Aborting a Landing

This morning my instructor and I decided to do some pattern work and give me a chance to do several touch and go’s.

It was a beautiful morning with about a 6 kt crosswind, giving me my first opportunity to learn about crabbing the aircraft.

I got to the hangar around 530 am. I performed a preflight inspection, including checking the aircraft for fuel. We had just over 10 gallons in each wing, so I knew we had plenty of fuel since our C-152 burns about 6 gallons and hour.

I like getting to the aircraft early and doing the pre-flight before my instructor gets there. This gives me a chance to get familiar with the checklist at a pace where I don’t feel so rushed. By the time my instructor got there, I already had the aircraft out of the hangar and ready to perform our start up.

We were the second aircraft taking off this morning. The first was an older tail dragger. We noticed that the pilot did not make any radio calls as he left the run-up area and taxied out to the active.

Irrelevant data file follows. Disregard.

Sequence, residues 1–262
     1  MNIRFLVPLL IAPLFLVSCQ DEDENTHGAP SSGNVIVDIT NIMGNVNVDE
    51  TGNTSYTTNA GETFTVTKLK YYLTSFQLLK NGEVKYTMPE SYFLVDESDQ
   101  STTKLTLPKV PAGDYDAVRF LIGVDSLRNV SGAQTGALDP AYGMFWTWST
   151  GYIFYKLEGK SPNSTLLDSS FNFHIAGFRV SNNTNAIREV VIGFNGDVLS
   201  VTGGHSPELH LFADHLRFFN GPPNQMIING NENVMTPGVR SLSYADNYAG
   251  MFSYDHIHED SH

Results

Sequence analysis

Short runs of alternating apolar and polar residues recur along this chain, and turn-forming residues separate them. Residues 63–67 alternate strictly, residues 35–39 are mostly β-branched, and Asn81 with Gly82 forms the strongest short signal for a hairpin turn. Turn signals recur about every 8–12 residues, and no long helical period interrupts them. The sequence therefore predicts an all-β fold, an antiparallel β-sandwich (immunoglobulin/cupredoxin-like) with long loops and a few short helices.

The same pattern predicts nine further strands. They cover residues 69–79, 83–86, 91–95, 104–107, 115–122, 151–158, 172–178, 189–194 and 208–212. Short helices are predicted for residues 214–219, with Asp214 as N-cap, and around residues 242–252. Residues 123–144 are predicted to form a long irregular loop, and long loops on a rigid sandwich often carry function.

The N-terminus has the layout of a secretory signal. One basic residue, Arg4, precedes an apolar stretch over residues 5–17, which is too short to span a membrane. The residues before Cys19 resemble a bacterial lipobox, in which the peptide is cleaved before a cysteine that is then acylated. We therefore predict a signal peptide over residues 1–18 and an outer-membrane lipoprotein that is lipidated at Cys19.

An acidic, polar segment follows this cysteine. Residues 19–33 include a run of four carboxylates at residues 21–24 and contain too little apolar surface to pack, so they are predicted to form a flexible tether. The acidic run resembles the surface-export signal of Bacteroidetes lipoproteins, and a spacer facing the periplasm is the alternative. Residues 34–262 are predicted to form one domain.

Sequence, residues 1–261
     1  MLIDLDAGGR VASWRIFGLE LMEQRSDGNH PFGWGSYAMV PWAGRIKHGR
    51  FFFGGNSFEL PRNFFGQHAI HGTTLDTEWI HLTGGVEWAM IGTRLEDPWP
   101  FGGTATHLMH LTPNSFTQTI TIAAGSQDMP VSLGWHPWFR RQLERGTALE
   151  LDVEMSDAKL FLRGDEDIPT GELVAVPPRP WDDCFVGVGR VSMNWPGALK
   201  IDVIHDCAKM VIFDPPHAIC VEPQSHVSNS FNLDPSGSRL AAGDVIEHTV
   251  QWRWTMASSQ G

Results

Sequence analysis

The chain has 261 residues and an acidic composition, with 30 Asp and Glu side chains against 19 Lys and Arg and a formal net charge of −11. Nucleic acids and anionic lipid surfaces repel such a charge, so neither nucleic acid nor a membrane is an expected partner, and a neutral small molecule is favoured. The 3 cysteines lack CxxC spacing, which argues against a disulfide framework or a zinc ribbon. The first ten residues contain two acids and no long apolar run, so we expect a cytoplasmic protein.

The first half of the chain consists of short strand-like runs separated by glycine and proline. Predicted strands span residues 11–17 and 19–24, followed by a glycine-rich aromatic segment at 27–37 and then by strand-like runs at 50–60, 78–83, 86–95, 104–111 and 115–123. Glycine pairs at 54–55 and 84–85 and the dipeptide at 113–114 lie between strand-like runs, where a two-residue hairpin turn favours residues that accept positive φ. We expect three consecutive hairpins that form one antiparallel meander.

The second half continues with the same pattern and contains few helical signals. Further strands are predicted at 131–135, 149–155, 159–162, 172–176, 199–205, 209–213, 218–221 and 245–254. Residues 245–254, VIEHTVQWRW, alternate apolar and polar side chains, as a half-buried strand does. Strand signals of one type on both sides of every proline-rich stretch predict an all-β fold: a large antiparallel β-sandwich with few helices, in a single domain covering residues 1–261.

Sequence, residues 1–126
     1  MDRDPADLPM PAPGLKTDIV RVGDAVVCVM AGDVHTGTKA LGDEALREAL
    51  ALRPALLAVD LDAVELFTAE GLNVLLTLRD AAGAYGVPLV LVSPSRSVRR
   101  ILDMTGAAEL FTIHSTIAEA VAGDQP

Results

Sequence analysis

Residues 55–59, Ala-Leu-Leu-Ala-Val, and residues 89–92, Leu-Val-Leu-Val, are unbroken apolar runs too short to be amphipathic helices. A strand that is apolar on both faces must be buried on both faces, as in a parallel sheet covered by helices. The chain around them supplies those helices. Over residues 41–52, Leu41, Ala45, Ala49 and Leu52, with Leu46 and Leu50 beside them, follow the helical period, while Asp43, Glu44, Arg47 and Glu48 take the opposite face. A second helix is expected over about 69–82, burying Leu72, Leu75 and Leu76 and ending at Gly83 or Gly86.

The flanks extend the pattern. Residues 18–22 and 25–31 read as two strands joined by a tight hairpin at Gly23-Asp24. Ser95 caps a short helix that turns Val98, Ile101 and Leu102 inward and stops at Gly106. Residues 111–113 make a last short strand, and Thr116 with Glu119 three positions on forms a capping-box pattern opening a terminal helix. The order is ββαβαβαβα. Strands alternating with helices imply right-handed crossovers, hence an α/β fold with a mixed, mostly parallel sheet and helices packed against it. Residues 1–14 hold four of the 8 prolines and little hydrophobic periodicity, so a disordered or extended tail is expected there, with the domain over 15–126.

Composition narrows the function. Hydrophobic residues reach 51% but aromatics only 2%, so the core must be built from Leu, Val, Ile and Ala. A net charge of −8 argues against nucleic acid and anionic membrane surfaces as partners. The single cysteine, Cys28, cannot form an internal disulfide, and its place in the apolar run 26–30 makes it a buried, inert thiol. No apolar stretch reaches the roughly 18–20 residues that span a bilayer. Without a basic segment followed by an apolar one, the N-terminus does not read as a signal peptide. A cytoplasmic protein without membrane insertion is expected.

We stayed in the pattern and worked on landings. I had the chance to practice landing six different times. As we turned to the downwind leg after our 7th take-off, I noticed the tail dragger we encountered earlier in the pattern and heading from downwind to base. He was holding a much tighter pattern than us and was only about 400-500 feet off the deck.

By the time we were to get set up to land the tail dragger was doing what seemed to be an extremely slow touch and go. My instructor and I aborted our landing and did a very wide go-around, keeping the other aircraft in our sight the entire time.

At this point, my instructor took over the controls, landed our aircraft, and then let me handle the taxi procedure. Today we had to drop our airplane off to be serviced, so I had the opportunity to see how this is done.

From my very first flight, my instructor (Jeff) has said that there are other people out there who are flying around and just waiting to kill me. Together we have discussed the shortcuts and outright disregard other pilots have for safety. It was good to see this firsthand.

Total Hours: 7.4 Dual
Landings: 22
Areas Covered to Date: Take-Offs, Landings, Power On/Off Stalls, Slow Flight, and Pattern Work

http://www.adventureiq.com
http://www.adventureiq.libsyn.com

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